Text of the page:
HC Deb 23 February 1872 vol 209 cc948-50

asked the Secretary of State for the Home Department, If his attention has been drawn to the insecure nature of some of the private structures that are being erected for persons viewing the Royal procession on Tuesday next; and, if so, whether he proposes to order any official inspection of these structures?


said, he had received no statement as to the insecurity of those structures. The whole matter, however, was under the special charge of the Metropolitan Board of Works, who, under the Metropolitan Buildings Act, had power to instruct their district surveyors to inspect the structures, and if any should be reported by them as insecure or in a dangerous condition, steps would be taken to have them removed, or put into a proper state at the expense of the owners. The Board had, accordingly, directed all the district surveyors to make a careful inspection of all the structures erected along the line of route, and they had asked for and obtained the assistance of the police in doing so.


asked the First Lord of the Treasury, Whether it is true, as reported, that the State Procession to Saint Paul's on Tuesday next will consist only of the Royal carriages; or whether, seeing the preparations everywhere making to witness it, it is intended to invite the attendance of the Chief State Officials to accompany the procession?


Sir, I Lave, in pursuance of the Notice given me by the hon. Member for East Devon (Mr. Kennaway) yesterday, made inquiries of the Lord Chamberlain as to the arrangements which have actually been made, and they are, as I understand, as follows:—The procession will be in two principal portions, divided by a certain number of the military; and in the first of those portions there will be the carriages which convey and which will form the suite of the Speaker of the House of Commons, the Lord Chancellor, and the Duke of Cambridge. In the second, and principal portion of the procession, there will be nine State carriages, conveying the Sovereign, the Members of the Royal Family, and all those who will be in attendance upon them. That is all the information I can give upon the subject.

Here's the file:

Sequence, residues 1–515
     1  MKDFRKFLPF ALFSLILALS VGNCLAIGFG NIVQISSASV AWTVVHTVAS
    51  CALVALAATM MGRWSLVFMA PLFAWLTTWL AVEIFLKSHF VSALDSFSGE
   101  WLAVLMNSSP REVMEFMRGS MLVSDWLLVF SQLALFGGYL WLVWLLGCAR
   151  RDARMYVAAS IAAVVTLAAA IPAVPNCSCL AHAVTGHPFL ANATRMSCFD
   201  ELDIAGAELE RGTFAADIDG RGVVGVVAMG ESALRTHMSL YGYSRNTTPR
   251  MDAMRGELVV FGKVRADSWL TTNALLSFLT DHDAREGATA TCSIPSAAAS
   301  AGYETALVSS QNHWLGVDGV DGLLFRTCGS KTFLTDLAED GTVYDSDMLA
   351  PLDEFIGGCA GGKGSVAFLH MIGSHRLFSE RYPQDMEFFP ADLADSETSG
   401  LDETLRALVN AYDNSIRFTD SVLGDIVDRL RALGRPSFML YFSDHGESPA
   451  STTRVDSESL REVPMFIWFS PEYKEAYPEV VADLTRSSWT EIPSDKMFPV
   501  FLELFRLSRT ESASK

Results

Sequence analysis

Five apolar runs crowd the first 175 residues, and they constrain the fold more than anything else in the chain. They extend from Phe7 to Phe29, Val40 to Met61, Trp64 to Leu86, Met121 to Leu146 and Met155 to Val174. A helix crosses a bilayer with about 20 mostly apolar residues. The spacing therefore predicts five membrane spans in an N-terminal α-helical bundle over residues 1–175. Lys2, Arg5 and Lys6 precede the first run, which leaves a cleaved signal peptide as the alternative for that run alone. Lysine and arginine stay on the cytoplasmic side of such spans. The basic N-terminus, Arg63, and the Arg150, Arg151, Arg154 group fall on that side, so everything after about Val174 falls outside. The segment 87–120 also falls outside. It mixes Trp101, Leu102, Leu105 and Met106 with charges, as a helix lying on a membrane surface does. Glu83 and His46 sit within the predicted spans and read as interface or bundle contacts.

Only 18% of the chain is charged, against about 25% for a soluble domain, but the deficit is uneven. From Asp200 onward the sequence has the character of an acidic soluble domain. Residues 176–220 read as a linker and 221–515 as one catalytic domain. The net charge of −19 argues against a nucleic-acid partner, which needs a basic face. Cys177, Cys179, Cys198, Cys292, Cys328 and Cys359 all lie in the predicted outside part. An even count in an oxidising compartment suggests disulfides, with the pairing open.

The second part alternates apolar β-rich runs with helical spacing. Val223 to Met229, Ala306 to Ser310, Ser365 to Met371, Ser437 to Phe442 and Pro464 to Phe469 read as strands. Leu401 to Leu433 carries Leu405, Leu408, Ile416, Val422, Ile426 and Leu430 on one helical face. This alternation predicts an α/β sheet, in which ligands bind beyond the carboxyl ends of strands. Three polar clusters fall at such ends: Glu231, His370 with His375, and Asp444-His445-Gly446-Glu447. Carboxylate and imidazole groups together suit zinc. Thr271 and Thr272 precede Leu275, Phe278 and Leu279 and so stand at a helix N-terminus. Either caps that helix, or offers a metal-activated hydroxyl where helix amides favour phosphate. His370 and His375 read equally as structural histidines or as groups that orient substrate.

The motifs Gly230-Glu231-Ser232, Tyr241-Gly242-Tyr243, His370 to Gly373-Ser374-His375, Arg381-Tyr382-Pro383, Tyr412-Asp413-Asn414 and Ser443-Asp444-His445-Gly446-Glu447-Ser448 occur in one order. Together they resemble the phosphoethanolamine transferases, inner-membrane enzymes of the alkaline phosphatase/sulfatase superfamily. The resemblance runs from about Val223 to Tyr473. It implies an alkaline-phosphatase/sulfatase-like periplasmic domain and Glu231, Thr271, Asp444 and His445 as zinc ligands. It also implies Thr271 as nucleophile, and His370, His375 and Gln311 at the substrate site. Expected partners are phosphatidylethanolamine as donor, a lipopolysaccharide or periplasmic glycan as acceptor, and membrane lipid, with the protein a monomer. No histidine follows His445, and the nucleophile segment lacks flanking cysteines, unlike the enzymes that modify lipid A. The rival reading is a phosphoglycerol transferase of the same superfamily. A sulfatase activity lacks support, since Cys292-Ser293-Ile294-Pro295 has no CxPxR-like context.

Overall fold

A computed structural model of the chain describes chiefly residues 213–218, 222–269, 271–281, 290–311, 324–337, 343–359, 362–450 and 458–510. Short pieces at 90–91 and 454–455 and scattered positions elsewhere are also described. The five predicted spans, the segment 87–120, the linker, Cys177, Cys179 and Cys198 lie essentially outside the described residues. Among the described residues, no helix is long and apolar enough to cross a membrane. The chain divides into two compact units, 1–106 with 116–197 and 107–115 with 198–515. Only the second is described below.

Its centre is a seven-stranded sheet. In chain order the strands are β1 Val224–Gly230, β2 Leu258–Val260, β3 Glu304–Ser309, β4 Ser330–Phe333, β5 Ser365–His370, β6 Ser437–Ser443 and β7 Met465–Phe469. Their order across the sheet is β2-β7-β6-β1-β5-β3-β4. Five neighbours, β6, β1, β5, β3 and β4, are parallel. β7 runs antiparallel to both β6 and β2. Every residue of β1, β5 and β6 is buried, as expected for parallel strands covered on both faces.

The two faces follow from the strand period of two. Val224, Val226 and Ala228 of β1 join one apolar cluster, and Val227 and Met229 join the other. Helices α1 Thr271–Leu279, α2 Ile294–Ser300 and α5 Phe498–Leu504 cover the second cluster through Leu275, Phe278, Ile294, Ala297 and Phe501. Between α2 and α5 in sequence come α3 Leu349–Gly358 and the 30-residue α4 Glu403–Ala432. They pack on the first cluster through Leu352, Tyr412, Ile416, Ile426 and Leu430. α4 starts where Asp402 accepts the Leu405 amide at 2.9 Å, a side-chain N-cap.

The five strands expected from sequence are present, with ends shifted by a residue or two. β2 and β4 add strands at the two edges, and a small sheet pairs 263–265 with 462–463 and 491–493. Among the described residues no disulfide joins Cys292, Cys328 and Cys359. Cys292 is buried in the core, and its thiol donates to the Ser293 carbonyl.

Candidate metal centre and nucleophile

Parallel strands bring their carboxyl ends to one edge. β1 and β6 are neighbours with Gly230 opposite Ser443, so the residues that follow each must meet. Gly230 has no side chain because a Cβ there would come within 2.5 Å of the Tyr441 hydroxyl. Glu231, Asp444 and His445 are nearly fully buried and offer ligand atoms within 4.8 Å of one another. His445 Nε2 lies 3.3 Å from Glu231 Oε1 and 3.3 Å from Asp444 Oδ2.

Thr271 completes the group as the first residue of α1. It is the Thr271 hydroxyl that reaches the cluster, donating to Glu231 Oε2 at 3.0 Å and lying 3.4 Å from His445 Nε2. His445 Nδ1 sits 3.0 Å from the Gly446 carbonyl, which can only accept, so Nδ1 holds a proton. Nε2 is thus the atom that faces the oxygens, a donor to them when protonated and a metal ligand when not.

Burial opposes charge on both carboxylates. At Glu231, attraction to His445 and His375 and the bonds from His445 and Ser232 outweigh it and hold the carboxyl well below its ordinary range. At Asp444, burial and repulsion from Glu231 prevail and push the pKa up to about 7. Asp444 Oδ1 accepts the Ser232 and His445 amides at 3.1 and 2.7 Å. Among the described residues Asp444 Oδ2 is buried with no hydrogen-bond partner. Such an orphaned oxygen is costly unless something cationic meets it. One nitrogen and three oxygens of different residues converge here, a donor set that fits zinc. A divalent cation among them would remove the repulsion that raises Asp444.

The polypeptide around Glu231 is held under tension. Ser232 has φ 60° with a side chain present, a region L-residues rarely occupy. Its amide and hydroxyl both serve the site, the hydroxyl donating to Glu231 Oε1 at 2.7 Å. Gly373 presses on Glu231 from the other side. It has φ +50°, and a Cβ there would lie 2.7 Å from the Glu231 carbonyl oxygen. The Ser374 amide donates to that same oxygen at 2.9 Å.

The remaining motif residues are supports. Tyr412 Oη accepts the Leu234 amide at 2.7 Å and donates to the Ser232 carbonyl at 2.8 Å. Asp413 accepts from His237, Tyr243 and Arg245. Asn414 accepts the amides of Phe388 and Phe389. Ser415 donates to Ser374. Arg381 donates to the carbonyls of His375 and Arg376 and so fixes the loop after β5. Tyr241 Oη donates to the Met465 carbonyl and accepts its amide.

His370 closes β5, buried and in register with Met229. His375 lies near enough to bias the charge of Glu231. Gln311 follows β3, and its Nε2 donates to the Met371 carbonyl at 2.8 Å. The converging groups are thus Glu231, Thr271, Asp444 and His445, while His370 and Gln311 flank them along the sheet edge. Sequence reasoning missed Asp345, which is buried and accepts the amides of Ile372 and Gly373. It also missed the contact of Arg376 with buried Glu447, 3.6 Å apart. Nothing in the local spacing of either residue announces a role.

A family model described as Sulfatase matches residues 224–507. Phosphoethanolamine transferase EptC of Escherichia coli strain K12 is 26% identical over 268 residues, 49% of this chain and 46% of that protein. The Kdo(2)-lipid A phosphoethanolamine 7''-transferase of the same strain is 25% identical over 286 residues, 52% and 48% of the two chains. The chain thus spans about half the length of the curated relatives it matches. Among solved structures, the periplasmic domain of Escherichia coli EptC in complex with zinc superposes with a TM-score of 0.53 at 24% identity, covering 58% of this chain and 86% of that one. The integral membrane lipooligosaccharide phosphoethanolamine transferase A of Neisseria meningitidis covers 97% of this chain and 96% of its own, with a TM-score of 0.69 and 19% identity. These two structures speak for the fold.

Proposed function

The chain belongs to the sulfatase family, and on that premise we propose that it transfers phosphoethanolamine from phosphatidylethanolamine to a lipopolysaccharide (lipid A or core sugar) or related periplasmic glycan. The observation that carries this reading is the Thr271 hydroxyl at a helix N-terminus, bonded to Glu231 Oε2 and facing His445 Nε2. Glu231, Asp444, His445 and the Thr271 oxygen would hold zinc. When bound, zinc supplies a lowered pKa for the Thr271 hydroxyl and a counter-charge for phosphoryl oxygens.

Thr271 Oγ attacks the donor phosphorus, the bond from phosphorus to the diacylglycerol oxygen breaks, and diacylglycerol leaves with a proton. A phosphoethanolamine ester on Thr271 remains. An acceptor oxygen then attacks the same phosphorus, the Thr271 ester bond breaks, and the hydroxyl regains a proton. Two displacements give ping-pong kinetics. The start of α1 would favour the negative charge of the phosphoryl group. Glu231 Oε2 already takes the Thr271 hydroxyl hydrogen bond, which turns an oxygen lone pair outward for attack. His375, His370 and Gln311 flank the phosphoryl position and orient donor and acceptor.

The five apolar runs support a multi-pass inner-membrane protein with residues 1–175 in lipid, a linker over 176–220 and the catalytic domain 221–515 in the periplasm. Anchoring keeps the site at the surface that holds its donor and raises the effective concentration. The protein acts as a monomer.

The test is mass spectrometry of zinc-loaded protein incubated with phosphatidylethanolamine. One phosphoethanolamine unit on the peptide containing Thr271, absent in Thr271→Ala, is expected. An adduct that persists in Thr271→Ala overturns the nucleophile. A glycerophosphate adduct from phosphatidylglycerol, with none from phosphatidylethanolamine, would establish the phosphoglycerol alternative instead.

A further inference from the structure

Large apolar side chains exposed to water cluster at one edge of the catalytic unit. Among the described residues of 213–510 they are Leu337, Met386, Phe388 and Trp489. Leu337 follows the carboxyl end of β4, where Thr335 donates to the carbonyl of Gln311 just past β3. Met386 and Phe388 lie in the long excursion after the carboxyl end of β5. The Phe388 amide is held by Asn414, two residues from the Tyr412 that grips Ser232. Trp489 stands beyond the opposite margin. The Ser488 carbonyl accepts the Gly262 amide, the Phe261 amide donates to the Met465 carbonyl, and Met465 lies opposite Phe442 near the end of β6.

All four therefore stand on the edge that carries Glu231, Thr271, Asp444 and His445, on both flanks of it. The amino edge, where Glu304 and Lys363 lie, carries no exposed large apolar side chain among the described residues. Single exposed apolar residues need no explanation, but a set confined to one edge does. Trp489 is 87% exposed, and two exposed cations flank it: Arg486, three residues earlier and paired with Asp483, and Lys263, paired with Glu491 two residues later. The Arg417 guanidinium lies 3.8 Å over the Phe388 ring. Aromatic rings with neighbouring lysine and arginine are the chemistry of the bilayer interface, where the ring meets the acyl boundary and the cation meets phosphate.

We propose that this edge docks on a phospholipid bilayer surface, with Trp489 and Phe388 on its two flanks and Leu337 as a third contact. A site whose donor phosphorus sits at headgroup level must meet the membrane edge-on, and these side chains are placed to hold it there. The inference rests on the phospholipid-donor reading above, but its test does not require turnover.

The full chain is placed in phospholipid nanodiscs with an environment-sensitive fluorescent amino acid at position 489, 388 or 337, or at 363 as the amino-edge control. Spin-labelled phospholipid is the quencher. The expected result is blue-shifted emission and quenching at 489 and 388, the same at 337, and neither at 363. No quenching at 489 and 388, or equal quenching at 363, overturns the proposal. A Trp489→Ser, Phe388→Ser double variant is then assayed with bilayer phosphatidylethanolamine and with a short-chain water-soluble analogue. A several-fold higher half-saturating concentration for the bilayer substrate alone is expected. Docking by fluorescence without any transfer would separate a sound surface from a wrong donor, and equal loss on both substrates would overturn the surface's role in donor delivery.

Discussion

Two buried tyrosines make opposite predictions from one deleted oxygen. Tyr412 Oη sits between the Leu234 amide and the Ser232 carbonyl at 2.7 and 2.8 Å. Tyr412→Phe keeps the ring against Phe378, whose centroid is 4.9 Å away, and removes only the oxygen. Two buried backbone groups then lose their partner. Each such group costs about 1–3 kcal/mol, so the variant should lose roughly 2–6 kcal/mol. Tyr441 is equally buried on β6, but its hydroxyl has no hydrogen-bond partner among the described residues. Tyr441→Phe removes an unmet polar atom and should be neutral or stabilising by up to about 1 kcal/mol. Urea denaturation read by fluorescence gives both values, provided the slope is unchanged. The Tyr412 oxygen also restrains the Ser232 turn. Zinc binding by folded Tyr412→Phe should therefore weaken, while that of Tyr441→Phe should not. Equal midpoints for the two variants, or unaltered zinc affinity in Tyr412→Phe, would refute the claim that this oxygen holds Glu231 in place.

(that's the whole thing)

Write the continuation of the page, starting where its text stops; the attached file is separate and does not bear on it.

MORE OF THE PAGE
asked the First Lord of the Treasury, If Her Majesty's Government will, on the 27th instant, make such arrangements in the Public Offices as will enable as many of the servants of the Crown as possible to participate in the general Thanksgiving?


Sir, in reply to the Question of the noble Lord the Member for Middlesex (Lord George Hamilton), which I think is framed in very reasonable and considerate terms, I have to state that authority will be given to the heads of the respective offices and departments to make such arrangements as are described in the Question.


asked the hon. and gallant Member for Truro, the Chairman of the Metropolitan Board of Works, Whether his attention has been called to the serious inconvenience that will be occasioned to the inhabitants of the upper part of Park Lane, by the erection of a booth by the Board of Works, by which their view of the procession will be totally obstructed?


said, in reply to the Question of the hon. Member for Westminster (Mr. W. H. Smith), that the structures now being put up in Hyde Park, through the kind permission of the Ranger, by the Metropolitan Board of Works, although they were intended for the accommodation of the vestrymen and the Local Boards—["Oh, oh!"]—yes, of the vestrymen and local boards who devoted so much time to their pub- lic duties—notwithstanding that, the Board, taking into consideration the fact that these structures would entirely obstruct the view from a certain number of houses, had determined to send the inhabitants of these houses tickets of admission to the booth, as far as was practicable.


, as a ratepayer, wished to ask the Chairman of the Metropolitan Board of Works who was to pay for these erections by the Board of Works? ["Oh, oh!"] He was perfectly justified in asking whether the expense was to be paid out of the rates, or were the vestrymen to take tickets for the booth, and pay for them?


said, whenever any person had the honour to occupy a public position, it was always better that Notice of a Question like this should be given him. He should, however, give an explanation to the noble Lord. The cost of the erections in Hyde Park and on the Holborn Viaduct would come out of the rates of the Metropolis. Perhaps the House would allow him to add that of late these rates had been gradually decreasing.


said, it had come to his knowledge that there was to be a national Thanksgiving service on Tuesday next in St. Patrick's Cathedral, Dublin, at which his Excellency the Lord Lieutenant of Ireland was to be present in State, and he desired to know, Whether the Irish Executive intended making such arrangements in the public service as would enable as many of the Irish civil servants of the Crown as possible to participate in the general Thanksgiving?


said, he should have been glad to give the hon. and learned Gentleman the information he sought for had he possessed any on the subject of his Question; but he had heard nothing with reference to it, and therefore he was quite unable to give him an answer. He would, however, inquire what could be done before the Thanksgiving Day, and would forward any attempts that might be made to secure its due celebration in the City of Dublin.